Star Trek Online: Victory is Life, the fourth expansion for the Star Trek MMORPG, launches today in celebration of the 25th anniversary of Star Trek: Deep Space Nine. The expansion sees a dozen Deep Space Nine actors returning reprising their roles as voice cast for the new expansion, including Chase Masterson as Leeta.
As Leeta, Masterson rose through seven seasons of Star Trek: Deep Space Nine from a
But Masterson is more than her character. She's also created a non-profit, anti-bullying organization known as the Pop Culture Hero Coalition. ComicBook.com spoke to Masterson ahead of the Victory is Life's release about Star Trek Online, Deep Space Nine, and more.
For starters, what can you tell me about Victory is Life and Leeta’s role in it?
Chase Masterson: Victory in Life starts 30 years after the end of Deep Space Nine. So the first thing I'd say is for all of those fans, and there are so many, who have been asking for Deep Space Nine, could they have reprised any of us on the current show or could there be a movie, unfortunately, that's probably not going to happen, but this is where you get more Deep Space Nine. The story is continuing, like I said, 30 years later, so the characters have matured and been through a lot. Rom and I have obviously been up on Ferenginar. I'm the first lady. And we're back on the station to enact kind of a mystery. We have a mystery involved and I can't say too much about, but the Ferengi join forces together and we have to pull something off …
So, there’s a mystery involved? Would you say this is a noir-style story, or more an action-adventure tale?
CM: It's definitely action-packed. I'm not sure how much I can say, but I think I'm at liberty to say there's a little bit of Ocean's 11 in it. it's kind of like Ocean's 11 but for the Ferengi. So that might mean with less glamor and more ears and teeth, but action-packed nonetheless. And it's super fun. We love to see these characters who we used to know as bumbling and not really having it all together definitely the comic relief of the show, we love to see them really rising up and making a difference and that signals to us that we ourselves can rise up and make a difference, so it's everything you'd expect from a fun Ferengi action story.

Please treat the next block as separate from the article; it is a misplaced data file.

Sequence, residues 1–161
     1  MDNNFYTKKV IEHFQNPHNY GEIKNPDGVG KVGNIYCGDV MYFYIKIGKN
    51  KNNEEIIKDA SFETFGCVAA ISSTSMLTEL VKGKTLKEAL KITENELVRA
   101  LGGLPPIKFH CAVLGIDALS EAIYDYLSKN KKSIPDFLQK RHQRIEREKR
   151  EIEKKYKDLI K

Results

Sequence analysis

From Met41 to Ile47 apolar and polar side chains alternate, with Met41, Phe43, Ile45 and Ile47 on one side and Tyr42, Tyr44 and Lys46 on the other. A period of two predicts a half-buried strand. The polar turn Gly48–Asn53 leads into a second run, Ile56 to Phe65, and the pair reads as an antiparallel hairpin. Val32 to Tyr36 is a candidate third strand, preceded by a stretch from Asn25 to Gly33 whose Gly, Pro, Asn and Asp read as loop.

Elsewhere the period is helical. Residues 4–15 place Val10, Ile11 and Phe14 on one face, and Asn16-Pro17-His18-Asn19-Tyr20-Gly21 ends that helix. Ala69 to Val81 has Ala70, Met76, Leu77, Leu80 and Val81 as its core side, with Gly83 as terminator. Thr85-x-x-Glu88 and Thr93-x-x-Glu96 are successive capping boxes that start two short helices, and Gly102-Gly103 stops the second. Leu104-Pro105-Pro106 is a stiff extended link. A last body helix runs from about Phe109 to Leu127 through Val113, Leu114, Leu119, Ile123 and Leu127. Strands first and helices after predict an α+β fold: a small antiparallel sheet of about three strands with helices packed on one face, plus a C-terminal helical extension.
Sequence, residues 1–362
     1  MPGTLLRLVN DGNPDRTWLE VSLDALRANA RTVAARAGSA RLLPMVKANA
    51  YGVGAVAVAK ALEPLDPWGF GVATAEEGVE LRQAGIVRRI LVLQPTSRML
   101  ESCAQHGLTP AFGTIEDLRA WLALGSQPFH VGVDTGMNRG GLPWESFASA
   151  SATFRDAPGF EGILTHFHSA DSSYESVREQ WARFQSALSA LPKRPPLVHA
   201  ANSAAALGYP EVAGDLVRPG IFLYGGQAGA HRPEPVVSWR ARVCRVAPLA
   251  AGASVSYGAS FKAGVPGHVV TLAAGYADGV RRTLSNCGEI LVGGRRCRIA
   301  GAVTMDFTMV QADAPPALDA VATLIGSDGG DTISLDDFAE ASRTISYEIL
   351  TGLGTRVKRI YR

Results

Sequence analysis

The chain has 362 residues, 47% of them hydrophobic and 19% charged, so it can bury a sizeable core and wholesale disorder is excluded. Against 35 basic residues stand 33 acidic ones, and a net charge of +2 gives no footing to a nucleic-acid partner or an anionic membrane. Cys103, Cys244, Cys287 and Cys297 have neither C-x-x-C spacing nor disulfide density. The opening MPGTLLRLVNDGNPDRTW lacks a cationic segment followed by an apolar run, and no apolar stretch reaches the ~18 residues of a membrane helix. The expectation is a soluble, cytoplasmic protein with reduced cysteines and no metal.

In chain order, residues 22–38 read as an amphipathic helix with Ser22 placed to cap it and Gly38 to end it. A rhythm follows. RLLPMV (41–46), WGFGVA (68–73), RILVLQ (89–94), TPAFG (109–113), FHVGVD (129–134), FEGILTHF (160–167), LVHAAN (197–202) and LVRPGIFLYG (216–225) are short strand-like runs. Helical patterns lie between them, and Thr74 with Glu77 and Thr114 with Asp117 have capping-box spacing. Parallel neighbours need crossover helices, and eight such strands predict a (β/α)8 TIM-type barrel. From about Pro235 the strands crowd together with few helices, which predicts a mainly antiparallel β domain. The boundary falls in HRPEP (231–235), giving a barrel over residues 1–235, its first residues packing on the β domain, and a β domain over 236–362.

What does it mean to you to have been able to keep telling Leeta’s story from
CM: It means so much. I never would have guessed that Leeta would have had the ongoing life and legs of the character that they've given me, although that's part of the beauty of Star Trek is that the characters that seem to be not as important grow to be extremely important, and it shows that we are all more capable than even we may think we are. So it's been a real treat, and it's also, I think,
Victory is Life is being released in conjunction with Deep Space Nine’s 25th anniversary. Has that elevated your experience in some way, knowing that is, as you said, probably the closest thing to a reunion that fans are going to get?
CM: It has. We owe the fans some answers, I think. Well, let me scratch that. I don't know that we owe the fans answers, but when you invest this much in characters when the audience has its own stake in these characters and they really care, it's very hard for a show as serial-themed and as well-loved as Deep Space Nine to end. And so they've had a natural reason to wonder what our characters are up to now and who changed in what way, so yes.
The stakes are high, I think, for the audience and for us. And actually, the stakes are high for Star Trek on my end, this is a game that so many of the cast have taken part of and all of us have done it because we admire the excellence that Star Trek Online is made with and the quality of the storyline and the arc and the characters and the dialogue. So the stakes are big with everybody when you revisit something that is as well-loved as Deep Space Nine and we're all happy with the outcome.
You’ve previously come to Star Trek Online to voice Leeta from the mirror universe. How different is it to voice her versus the original, prime timeline Leeta? Do you as an actress feel like they’re two entirely different characters or just different aspects of the same?
CM: Well, they are so different, partly because regular Leeta is truly good. She is a dimensional character but she has a lot of dimensions that are related to compassion and empathy and inner strength and conviction and those things. So it's not hard and it's really fun to find the opposite of those qualities which are craving for power, which is always based on an insecurity, which is always based on fear, which is always based on this insatiable drive to keep going.
So Mirror Leeta has all of these qualities that obviously regular Leeta or Holo Leeta would absolutely rile up against. It would be interesting to see them face off at some point but the bottom line is Leeta in the mirror universe would eat the Borg Queen for breakfast, as I've said, and it's really fun to get inside somebody who is that singularly focused.
If you had to choose one and you could only play that one from now on, which would it be?
CM: My heart really belongs to the regular Leeta because she's capable of real heroism. She has so much at stake, loving her husband and being basically an immigrant on Ferenginar and having a whole set of other rules that she has been expected to live by and has broken out of those rules and has worn clothes as a Ferengi wife and has stood up to Quark. Leeta has her own kind of strength, which is really incredible and it's not to be taken lightly. So I think if I choose it would be regular Leeta, but I don't want to choose because Mirror Leeta is so fun.
There has been a lot of retrospection about Deep Space Nine surrounding its anniversary from fans and those involved in the show. Have you been feeling that yourself? Has any particular memory stood out in your mind from your time on the show?